By: Kristin Conrad

Sharing the Wealth

Melanie Watson is currently the Band Director at Starmount Middle School in Boonville, North Carolina. She has taught middle school for most of her career and has ambitious goals for her program and her students.

“Right now, we’re in the thick of recruiting season to get fifth-graders signed up for the sixth-grade band next year,” Watson said. “My goal is 100 out of 170 fifth-graders. I want 100 of them in band class, and we’ll see what we get.”

“My last position was taking over for someone who had built up this fantastic program. And, I wanted to share the wealth, because I felt like I knew exactly how to do what she did after watching her build that program,” Watson said. “What we’re doing now is trying to eliminate some of the barriers that kids experience to entering a band program, including teacher turnover, financial issues, lack of information, and language barriers.”

Strong Female Leads

Watson grew up in North Carolina and stayed in her home state to complete her undergraduate work at Catawba College. Her first band director position was in Wilkes County, part of North Carolina’s western mountain region. She stayed in the general area, switching school systems a couple of times before moving to Yadkin County, a rural, farming community just west of Winston-Salem. While teaching, Watson pursued evening graduate studies through East Carolina University to complete her master’s degree.

 Mentorship from family and female colleagues has been an integral part of Watson’s career path and success.

“I had such supportive parents and such supportive people around me all through middle school and high school. No one ever told me, ‘Women don’t pick brass’ or ‘Women aren’t band directors.’ They just said, ‘You want to do that, go do it,’” Watson said. “I was also very lucky that when I got into my master’s music education program, there was Cindy Wagoner, who worked 27 years in public education and now is a professor at East Carolina University. Just a few years after that degree, we started having conversations about other women band directors in our area. Ruth Petersen, retired band director of Bailey Middle School, led the charge to establish a state chapter of Women Band Directors International in 2021.”

Female Representation in Music Education

Now, as North Carolina chapter president for Women Band Directors International (WBDI), Watson works alongside other local women to help make those first years on the job more comfortable.

“I want to expand the chapter in North Carolina so that no one has to go through what I went through in my first couple years of teaching,” Watson said. “I want them to always know that there’s somebody who’s going to bring them into the profession and bring them in gently and lovingly. WBDI has been a real lifeline for me personally, and I want to see it plastered over every wall in the whole country.”

The North Carolina chapter is working on bringing the Athena Music and Leadership Camp* into the state next year, something Watson is very excited to see come to fruition.

“These camps are women-centric,” Watson said. “You have female faculty, female clinicians, and you’re bringing in female students and not only working on music, but you’re talking about leadership and you’re talking about roles that you can play. So, you’re really setting these folks up for success and for the vision that they can do it.”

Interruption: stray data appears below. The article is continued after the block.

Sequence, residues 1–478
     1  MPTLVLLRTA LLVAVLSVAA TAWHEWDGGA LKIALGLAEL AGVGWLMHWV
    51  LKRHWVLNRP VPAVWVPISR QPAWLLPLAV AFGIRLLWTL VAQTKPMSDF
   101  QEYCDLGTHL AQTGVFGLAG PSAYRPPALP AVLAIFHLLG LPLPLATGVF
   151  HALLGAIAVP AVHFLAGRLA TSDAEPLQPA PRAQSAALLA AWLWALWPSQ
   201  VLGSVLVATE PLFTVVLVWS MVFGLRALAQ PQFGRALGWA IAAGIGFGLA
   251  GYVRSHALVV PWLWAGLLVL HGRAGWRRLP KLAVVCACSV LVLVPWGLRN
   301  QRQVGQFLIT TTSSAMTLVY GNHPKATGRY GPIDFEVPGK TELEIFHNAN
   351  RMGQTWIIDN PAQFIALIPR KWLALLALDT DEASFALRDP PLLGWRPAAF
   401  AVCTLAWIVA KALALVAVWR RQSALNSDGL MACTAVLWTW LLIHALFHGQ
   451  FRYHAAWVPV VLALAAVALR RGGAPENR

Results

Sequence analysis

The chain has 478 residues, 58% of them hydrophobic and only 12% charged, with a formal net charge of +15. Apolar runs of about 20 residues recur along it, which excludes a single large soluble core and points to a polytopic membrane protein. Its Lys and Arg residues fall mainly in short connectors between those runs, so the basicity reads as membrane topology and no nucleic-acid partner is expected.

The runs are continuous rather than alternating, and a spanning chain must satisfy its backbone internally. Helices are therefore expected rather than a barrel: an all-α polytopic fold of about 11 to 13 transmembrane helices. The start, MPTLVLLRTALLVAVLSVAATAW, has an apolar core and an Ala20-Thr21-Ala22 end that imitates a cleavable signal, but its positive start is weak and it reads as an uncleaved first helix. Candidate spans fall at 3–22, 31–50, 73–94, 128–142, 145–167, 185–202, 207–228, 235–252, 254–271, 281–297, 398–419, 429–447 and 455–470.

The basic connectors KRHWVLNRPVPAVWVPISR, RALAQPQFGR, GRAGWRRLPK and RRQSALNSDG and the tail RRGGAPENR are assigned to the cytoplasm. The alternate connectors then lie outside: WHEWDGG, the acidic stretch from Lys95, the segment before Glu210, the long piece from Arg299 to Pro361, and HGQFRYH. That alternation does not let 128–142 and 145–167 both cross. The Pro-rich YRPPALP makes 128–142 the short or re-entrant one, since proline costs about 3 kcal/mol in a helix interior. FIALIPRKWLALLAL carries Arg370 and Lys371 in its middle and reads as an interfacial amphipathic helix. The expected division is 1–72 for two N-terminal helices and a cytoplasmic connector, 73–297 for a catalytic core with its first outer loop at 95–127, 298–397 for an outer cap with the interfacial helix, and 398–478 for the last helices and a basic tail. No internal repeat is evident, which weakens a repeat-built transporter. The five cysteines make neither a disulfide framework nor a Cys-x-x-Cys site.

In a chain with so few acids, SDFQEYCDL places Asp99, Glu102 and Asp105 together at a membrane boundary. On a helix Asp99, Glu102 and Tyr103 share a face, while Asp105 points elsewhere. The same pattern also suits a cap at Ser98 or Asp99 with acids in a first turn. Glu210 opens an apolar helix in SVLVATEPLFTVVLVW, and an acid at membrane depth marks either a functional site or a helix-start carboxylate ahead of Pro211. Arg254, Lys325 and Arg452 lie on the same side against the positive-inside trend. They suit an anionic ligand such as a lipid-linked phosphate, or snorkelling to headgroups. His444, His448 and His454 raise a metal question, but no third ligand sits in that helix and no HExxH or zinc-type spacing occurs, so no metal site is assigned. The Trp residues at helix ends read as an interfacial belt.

Challenges of Rural Music Education

Deciding what is going to be best for her program and the kids in her band room is a battle Watson fights daily while serving her rural community.

“I’ve had to decide what success is going to look like for me and for my program, and to make sure that my philosophy is always matching what’s going to be best for my kids and my community,” Watson said. “They don’t need extra cost and extra pressure in their lives because they’ve got other things going on. What they need is an outlet for emotions. They need a safe space that is for them and is comforting.”

A common challenge in both urban and rural public school districts across the country is a lack of resources or the power to effect change. Watson wishes people knew how much teachers care about their jobs, their students, and their communities.

“I wish people knew how much we want everything to work really, really well and how hard it is to actually make those things happen,” Watson said. “If you want to change something fundamental, it takes a lot of power, a lot of movement, a lot of pressure, and as one person it can be very overwhelming to try and accomplish something that drastic.”

Providing Connection in a Divisive World

When it comes to her own professional development, Watson is a talented Horn player, and she performs with several regional orchestras in her area.

“For me, learning through being where my students are and working with a conductor – that really has affected how I approach teaching and learning with my students,” Watson said.

Music provides connection in an often divisive world, and Watson has found comfort in seeing that, wherever she goes, music is a common denominator.

“Any place I’ve worked – rural, urban, suburban – band kids are band kids. It’s been really nice to see that there is more that connects us than separates us, and to have hope that we’ll find each other again. Being able to watch middle school kids interact with each other and learn from one another, and realize that we’re the same, has been one of the best blessings of my life.”

*Editor’s Note: The Music for All Summer Symposium, presented by Yamaha is a co-ed music and leadership camp, including the Leadership Weekend for all student leaders. Learn more at